Artificial cells capable of both sensing and sending chemical messages to bacteria have yet to be built. Here we show that artificial cells that are able to sense and synthesize quorum signaling molecules can chemically communicate with V. fischeri, V. harveyi, E. coli, and P. aeruginosa. Activity was assessed by fluorescence, luminescence, RT-qPCR, and RNA-seq. Two potential applications for this technology were demonstrated. First, the extent to which artificial cells could imitate natural cells was quantified by a type of cellular Turing test. Artificial cells capable of sensing and in response synthesizing and releasing N-3-(oxohexanoyl)homoserine lactone showed a high degree of likeness to natural V. fischeri under specific test conditions. Second, artificial cells that sensed V. fischeri and in response degraded a quorum signaling molecule of P. aeruginosa (N-(3-oxododecanoyl)homoserine lactone) were constructed, laying the foundation for future technologies that control complex networks of natural cells.

Two-Way Chemical Communication between Artificial and Natural Cells / Lentini, R.; Noël Yeh, M.; Forlin, M.; Belmonte, L; Fontana, J.; Cornella, M.; Martini, L.; Tamburini, S.; Bentley, W. E.; Jousson, O.; Mansy, S. S.. - In: ACS CENTRAL SCIENCE. - ISSN 2374-7951. - 3:2(2017), pp. 117-123. [10.1021/acscentsci.6b00330]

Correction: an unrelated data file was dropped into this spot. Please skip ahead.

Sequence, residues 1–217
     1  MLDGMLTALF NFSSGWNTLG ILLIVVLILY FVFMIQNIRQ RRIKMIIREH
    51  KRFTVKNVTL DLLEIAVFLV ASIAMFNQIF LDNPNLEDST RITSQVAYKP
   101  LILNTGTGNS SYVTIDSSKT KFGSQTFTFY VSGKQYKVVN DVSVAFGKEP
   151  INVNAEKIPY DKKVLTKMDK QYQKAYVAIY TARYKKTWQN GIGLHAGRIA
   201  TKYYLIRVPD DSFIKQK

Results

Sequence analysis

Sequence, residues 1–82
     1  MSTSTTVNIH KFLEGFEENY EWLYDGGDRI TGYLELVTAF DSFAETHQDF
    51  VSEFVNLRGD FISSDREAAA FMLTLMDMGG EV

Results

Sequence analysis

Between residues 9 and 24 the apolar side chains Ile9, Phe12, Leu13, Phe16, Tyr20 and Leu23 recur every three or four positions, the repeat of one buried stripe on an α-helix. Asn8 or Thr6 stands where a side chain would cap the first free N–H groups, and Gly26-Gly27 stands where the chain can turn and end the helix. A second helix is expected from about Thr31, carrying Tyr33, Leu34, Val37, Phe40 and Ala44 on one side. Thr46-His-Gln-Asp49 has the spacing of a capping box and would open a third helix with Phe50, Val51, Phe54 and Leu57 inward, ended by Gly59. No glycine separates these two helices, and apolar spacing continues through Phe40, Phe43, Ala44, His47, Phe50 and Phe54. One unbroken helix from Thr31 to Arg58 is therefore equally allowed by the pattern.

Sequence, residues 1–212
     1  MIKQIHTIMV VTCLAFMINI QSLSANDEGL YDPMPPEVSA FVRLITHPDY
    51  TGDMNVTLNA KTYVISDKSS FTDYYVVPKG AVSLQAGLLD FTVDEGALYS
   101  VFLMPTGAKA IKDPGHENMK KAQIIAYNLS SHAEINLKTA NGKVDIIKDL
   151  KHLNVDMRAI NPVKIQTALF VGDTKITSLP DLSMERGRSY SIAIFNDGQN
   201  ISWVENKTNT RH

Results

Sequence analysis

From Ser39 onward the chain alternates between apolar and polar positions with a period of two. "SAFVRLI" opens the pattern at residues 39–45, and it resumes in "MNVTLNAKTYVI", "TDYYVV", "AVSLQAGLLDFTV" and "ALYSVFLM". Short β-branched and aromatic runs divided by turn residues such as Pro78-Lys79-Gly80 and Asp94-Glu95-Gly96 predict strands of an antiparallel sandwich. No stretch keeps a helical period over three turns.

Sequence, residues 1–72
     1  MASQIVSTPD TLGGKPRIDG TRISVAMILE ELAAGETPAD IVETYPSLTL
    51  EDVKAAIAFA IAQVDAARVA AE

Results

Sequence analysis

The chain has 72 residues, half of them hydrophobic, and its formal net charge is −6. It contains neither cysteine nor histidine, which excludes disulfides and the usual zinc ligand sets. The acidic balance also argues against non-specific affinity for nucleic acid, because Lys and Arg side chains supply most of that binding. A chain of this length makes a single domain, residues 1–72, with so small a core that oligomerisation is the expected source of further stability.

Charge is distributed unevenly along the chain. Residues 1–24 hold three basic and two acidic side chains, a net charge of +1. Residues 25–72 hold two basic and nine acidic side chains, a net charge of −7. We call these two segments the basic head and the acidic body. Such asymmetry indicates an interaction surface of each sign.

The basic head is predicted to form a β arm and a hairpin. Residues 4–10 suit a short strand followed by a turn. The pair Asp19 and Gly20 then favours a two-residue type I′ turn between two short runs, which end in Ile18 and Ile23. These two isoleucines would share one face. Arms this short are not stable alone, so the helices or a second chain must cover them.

Two-Way Chemical Communication between Artificial and Natural Cells

Lentini, R.;Forlin M.;Belmonte L;Fontana, J.;Tamburini, S.;Jousson, O.;Mansy, S. S.
2017

Abstract

Artificial cells capable of both sensing and sending chemical messages to bacteria have yet to be built. Here we show that artificial cells that are able to sense and synthesize quorum signaling molecules can chemically communicate with V. fischeri, V. harveyi, E. coli, and P. aeruginosa. Activity was assessed by fluorescence, luminescence, RT-qPCR, and RNA-seq. Two potential applications for this technology were demonstrated. First, the extent to which artificial cells could imitate natural cells was quantified by a type of cellular Turing test. Artificial cells capable of sensing and in response synthesizing and releasing N-3-(oxohexanoyl)homoserine lactone showed a high degree of likeness to natural V. fischeri under specific test conditions. Second, artificial cells that sensed V. fischeri and in response degraded a quorum signaling molecule of P. aeruginosa (N-(3-oxododecanoyl)homoserine lactone) were constructed, laying the foundation for future technologies that control complex networks of natural cells.
2
Lentini, R.; Noël Yeh, M.; Forlin, M.; Belmonte, L; Fontana, J.; Cornella, M.; Martini, L.; Tamburini, S.; Bentley, W. E.; Jousson, O.; Mansy, S. S.
Two-Way Chemical Communication between Artificial and Natural Cells / Lentini, R.; Noël Yeh, M.; Forlin, M.; Belmonte, L; Fontana, J.; Cornella, M.; Martini, L.; Tamburini, S.; Bentley, W. E.; Jousson, O.; Mansy, S. S.. - In: ACS CENTRAL SCIENCE. - ISSN 2374-7951. - 3:2(2017), pp. 117-123. [10.1021/acscentsci.6b00330]
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Utilizza questo identificativo per citare o creare un link a questo documento: http://hdl.handle.net/11572/170365
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